If a service like GamTalk was available at the time you were in school or in a youth academy, do you think it would’ve helped you?
It would have certainly made me realise that it can become a problem. Nobody grows up in this country that isn’t aware of the dangers of alcohol and drugs, you get talks about it at school, everybody has got an example in their family or friends or somebody that’s got a problem with it, but with gambling it’s almost a secret problem. You’re allowed to just start gambling right away without any prior warning that it can become a problem, and if it does you’re left wondering what to do about it. So I think if someone came to me with a life story and some information on it then at least when I started gambling and I saw those early signs I would’ve looked for help and I would’ve stopped.
Did you ever expect to receive support from professional players such as Lawerence Shankland and Lewis Morgan as well as support from the Scottish Football Supporters Association?
I think when you start anything you have big aspirations for it but it definitely progressed a lot quicker than I thought. I did a week sleeping on the streets in October to raise awareness on what I was doing and really boomed overnight. I didn’t expect so much support right away but the support has been incredible. Some of the people that have messaged behind the scenes, even things like this are brilliant, I didn’t expect it all right way.
With the amount of people supporting you do you thinking that gambling might be a bigger problem than you first thought?
It’s not a bigger problem than I thought I knew it was a big problem, not just for myself but the amount of people in my area and the amount of people I’ve spoken to, I knew it was a huge problem. I just think nobody had been out there speaking about it. One of the most common messages I get is just how can’t believe there was nothing like this (GamTalk) earlier. It’s not the fact that it’s an amazing service it’s just something that was needed I think. The amount messages I’ve had from people who are struggling or who have struggled has definitely surprised me, it’s been incredible.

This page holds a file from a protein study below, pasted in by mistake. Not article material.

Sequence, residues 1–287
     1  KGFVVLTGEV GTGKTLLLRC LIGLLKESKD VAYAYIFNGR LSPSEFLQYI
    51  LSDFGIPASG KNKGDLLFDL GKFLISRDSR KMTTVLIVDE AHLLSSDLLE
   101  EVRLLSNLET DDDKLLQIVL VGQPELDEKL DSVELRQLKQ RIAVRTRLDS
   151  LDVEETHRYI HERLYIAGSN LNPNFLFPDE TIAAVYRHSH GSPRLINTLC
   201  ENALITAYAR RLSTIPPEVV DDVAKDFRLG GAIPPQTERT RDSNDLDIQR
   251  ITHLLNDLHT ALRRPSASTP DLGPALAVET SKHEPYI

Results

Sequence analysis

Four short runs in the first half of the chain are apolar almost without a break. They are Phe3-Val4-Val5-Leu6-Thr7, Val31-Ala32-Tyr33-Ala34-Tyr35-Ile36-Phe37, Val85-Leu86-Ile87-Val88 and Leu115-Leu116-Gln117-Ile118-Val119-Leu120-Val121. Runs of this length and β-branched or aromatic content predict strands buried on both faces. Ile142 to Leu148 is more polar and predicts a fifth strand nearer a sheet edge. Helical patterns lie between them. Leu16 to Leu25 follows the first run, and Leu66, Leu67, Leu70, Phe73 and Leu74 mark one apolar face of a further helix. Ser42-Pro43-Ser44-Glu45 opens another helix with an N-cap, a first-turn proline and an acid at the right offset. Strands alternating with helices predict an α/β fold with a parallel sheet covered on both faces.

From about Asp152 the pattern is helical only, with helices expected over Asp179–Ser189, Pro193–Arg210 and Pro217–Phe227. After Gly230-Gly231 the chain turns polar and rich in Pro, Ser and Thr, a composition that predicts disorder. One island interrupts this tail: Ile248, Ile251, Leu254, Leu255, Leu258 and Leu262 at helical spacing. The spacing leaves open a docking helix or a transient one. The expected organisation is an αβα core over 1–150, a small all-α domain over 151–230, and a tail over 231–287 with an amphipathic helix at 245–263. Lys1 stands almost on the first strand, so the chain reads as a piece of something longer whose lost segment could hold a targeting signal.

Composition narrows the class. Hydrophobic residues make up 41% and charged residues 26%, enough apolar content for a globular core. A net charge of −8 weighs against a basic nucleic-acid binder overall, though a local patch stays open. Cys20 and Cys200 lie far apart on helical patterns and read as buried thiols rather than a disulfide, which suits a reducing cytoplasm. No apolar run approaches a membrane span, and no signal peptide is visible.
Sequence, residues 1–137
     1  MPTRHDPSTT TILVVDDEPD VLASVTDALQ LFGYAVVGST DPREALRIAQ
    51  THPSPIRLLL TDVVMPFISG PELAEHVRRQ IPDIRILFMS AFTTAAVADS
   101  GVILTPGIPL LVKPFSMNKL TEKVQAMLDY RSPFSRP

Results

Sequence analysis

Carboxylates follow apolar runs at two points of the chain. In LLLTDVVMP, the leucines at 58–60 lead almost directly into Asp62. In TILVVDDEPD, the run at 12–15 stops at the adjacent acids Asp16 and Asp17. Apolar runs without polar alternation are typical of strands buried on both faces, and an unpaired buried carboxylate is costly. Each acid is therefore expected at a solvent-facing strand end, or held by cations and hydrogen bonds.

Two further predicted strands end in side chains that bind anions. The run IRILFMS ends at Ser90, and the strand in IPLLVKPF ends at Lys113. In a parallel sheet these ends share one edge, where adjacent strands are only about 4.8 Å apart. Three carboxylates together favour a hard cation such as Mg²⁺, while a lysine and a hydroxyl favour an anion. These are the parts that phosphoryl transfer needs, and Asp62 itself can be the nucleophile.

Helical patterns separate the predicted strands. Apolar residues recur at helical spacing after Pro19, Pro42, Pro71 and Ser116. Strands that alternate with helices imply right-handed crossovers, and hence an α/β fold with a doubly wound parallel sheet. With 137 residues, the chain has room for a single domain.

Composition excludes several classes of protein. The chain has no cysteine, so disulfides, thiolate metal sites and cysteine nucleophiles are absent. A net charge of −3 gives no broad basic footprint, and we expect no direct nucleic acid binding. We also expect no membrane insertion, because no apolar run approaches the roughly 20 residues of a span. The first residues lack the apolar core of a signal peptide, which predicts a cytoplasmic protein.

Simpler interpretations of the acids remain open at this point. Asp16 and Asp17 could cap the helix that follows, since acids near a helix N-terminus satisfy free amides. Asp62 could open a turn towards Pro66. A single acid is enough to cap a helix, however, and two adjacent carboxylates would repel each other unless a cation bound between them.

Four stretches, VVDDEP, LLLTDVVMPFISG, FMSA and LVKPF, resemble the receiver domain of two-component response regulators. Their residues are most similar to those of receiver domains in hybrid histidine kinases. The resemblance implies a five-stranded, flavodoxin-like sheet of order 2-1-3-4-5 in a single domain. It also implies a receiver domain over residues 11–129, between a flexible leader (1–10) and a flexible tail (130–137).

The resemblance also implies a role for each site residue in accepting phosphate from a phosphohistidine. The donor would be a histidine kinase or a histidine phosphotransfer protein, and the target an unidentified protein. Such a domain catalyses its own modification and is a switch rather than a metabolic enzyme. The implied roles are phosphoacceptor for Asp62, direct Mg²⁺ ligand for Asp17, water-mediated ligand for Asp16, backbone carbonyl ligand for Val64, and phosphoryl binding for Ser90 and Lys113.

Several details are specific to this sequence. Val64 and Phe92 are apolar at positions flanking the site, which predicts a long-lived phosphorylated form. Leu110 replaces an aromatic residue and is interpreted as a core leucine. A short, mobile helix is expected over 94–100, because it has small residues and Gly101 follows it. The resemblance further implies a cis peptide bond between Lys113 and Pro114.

Do you think we are getting to a point where people feel as though they can openly speak about gambling problems?
I think so, I think people are starting to take notice of how frequent the advertising is. I think everybody is starting to realise that, it’s on almost every football top, it’s on all the half-time adverts, it’s around the stadiums and even some stadiums are named after gambling companies. I think that’s putting it in peoples’ minds more and I think the more people gamble the more likely that there will be more addicts. I think it is something that people are starting to take as serious as alcohol or drugs but there is probably still a bit to go.